The botnet control panel listed dozens of other e-commerce sites as actively infected. Incredibly, some of the shops that were listed as compromised in August 2013 are still apparently infected — as evidenced by the existence of publicly-accessible backdoors on the sites. KrebsOnSecurity notified the companies that own the Web sites listed in the botnet panel (snippets of which appear above and below, in red and green), but most of them have yet to respond.

    Some of the victims here — such as onetime Australian online cash exchange — are no longer in business. According to this botnet panel, Technocash was infected on or before Feb. 25, 2013 (the column second from the right indicates the date that the malware on the site was last updated).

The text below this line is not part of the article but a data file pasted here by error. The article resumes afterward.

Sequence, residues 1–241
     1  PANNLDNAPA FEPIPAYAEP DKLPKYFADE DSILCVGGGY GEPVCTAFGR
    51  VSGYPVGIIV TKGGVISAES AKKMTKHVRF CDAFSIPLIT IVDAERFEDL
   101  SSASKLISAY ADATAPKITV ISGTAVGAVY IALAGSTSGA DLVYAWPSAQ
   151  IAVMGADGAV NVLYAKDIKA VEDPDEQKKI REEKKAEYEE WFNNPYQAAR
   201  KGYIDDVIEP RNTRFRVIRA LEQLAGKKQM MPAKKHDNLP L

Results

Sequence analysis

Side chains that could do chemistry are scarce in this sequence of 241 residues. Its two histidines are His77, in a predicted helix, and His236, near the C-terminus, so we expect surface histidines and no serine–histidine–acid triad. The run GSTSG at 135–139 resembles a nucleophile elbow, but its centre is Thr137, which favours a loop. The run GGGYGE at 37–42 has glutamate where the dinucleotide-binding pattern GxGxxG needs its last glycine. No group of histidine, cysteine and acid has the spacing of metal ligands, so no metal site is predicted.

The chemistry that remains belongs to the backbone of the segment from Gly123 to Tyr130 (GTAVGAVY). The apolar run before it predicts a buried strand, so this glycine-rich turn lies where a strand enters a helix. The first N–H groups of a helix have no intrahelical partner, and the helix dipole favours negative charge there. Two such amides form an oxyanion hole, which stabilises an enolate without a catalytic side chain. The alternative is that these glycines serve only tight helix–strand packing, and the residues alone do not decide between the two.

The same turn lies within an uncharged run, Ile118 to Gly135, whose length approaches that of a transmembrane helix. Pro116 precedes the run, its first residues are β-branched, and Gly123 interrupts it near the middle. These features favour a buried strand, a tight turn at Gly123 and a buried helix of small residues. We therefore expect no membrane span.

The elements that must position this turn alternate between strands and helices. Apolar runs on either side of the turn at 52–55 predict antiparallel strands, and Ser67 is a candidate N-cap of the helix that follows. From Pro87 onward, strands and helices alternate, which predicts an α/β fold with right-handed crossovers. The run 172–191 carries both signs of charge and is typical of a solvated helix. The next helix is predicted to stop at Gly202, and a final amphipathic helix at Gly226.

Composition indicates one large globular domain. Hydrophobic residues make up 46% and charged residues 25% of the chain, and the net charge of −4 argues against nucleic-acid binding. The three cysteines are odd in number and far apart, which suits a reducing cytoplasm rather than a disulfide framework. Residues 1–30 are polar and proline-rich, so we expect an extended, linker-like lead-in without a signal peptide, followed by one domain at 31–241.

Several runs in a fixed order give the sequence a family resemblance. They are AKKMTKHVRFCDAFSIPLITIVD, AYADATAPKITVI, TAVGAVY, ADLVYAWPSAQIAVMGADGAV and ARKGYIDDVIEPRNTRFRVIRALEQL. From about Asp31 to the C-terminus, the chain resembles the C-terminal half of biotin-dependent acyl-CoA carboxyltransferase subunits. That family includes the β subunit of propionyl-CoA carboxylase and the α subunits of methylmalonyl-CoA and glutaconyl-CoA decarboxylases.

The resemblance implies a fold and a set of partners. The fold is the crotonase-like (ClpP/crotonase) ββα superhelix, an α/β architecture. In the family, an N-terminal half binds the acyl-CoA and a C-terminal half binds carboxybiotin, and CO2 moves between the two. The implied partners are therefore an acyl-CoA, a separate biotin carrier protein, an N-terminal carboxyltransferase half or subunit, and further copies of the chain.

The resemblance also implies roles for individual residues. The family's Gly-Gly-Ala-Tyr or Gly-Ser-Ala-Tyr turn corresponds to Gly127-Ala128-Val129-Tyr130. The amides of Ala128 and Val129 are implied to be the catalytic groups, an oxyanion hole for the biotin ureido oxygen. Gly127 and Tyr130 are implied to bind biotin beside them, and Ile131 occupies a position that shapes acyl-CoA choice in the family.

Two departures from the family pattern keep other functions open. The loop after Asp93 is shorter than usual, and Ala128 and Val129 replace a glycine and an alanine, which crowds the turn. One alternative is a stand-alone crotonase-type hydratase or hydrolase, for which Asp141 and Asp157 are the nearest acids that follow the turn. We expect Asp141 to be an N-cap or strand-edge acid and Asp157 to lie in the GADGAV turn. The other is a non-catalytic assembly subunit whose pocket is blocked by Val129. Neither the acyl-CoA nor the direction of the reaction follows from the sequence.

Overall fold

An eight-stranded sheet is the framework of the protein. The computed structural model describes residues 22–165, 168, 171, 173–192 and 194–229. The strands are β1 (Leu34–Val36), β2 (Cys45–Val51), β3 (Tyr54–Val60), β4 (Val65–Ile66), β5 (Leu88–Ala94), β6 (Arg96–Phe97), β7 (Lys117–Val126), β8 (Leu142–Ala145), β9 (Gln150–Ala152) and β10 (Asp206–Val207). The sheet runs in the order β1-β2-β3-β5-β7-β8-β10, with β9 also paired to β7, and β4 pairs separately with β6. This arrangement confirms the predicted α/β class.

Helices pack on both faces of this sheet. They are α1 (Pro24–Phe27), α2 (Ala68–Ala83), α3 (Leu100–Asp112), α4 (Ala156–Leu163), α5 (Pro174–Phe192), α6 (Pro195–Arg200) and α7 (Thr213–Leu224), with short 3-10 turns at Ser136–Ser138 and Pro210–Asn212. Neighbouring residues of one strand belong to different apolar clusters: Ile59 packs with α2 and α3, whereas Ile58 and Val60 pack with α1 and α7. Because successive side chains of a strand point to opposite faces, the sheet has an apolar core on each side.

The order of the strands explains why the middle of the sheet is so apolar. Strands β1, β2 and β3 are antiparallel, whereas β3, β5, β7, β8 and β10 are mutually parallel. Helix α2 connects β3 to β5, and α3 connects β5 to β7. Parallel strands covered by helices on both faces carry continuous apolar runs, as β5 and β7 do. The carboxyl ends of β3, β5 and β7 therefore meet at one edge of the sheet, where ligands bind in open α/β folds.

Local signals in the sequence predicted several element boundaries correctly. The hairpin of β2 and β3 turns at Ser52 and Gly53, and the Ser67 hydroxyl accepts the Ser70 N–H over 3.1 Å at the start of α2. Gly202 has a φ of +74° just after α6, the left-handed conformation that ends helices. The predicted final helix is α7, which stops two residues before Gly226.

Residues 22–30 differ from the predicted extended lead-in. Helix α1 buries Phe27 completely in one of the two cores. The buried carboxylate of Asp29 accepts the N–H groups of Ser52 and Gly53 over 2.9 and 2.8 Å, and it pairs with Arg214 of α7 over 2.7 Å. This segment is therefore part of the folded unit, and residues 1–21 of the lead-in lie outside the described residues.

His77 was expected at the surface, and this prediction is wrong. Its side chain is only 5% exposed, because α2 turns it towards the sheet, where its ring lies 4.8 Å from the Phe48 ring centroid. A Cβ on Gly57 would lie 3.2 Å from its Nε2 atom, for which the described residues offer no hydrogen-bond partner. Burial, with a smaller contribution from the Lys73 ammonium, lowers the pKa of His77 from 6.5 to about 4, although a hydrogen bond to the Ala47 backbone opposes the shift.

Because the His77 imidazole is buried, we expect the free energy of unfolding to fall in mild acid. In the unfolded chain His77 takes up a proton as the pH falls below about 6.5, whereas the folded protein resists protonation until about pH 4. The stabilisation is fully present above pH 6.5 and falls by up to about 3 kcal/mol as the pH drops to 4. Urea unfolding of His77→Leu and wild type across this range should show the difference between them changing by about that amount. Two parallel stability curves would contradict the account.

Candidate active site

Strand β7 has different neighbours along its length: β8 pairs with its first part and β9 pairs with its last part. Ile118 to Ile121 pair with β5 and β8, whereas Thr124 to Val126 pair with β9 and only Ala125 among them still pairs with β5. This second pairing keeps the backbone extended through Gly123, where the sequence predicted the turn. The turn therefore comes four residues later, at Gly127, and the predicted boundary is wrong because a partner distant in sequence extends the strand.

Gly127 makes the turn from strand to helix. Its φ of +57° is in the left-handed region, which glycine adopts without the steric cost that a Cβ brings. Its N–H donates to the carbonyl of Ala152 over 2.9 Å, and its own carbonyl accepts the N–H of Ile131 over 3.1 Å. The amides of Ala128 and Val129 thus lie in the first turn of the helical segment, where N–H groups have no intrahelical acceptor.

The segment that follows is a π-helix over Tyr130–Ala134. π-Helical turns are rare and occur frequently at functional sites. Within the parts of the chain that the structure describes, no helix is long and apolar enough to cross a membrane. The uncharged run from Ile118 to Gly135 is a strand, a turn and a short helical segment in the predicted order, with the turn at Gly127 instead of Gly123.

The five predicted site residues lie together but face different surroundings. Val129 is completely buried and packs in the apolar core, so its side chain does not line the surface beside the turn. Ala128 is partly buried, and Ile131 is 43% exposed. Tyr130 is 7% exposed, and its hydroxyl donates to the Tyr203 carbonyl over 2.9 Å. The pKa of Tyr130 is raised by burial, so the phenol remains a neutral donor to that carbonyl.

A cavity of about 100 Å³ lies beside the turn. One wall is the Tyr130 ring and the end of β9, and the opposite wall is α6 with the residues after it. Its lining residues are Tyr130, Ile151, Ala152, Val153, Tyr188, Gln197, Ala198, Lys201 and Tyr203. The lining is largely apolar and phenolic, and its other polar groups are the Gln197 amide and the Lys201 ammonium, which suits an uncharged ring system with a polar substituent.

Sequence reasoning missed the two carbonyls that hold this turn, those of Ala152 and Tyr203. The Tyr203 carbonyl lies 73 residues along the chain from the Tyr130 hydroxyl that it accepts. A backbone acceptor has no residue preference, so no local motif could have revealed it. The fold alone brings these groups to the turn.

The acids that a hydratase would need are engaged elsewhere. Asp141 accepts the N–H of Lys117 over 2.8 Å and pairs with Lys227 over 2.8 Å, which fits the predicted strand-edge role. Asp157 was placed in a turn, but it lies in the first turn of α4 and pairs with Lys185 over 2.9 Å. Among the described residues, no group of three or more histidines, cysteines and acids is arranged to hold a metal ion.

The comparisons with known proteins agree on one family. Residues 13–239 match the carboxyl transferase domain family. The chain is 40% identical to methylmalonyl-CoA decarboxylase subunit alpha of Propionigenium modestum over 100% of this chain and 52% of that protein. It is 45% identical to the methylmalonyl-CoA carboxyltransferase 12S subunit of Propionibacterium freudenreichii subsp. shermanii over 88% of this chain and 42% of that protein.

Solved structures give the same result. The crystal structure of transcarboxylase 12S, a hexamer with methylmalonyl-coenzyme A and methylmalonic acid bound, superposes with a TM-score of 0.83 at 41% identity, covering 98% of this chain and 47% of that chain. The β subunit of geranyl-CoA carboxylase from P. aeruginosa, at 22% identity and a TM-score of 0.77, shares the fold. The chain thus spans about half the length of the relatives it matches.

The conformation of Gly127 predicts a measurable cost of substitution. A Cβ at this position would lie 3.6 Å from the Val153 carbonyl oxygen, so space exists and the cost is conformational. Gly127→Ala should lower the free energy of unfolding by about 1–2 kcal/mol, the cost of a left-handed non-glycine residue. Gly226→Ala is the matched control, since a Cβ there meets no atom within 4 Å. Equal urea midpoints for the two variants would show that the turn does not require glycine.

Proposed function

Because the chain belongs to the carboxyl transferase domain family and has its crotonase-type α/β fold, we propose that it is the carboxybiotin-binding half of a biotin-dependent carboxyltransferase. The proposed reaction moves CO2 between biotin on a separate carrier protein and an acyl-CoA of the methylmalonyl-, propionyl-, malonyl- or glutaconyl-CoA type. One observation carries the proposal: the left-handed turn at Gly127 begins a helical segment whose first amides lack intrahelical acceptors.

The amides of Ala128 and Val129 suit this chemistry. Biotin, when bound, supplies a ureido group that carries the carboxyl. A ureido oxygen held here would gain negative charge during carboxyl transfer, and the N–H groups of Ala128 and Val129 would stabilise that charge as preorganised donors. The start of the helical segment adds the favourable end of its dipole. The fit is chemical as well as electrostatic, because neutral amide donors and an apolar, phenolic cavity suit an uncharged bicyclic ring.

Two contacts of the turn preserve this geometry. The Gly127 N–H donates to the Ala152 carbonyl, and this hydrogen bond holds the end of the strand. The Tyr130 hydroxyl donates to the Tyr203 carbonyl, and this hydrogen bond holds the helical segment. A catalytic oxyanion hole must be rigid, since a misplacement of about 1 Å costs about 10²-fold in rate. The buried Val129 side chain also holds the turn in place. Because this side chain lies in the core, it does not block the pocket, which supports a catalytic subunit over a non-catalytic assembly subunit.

It’s unclear whether the infection of Technocash’s secure portal ( contributed to its demise, but the company seems to have had trouble on multiple fronts. Technocash closed its doors in June 2013, after being named in successive U.S. Justice Department indictments targeting the online drug bazaar Silk Road and the now-defunct virtual currency Liberty Reserve.


    One particularly interesting victim that was heavily represented in the botnet panel was SecurePay, a credit card processing company based in Alpharetta, Ga. Reached via phone, the company’s chief operating officer Tom Tesmer explained that his organization — — had in early 2013 acquired SecurePay’s assets from Pipeline Data, a now-defunct entity that had gone bankrupt.

    At the time, the hardware and software that powered Pipeline’s business was running out of a data center in New York. Tesmer said that Pipeline’s servers had indeed been running an outdated version of ColdFusion, but that the company’s online operations had been completely rebuilt in CalpianCommerce’s Atlanta data center under the SecurePay banner as of October 2013.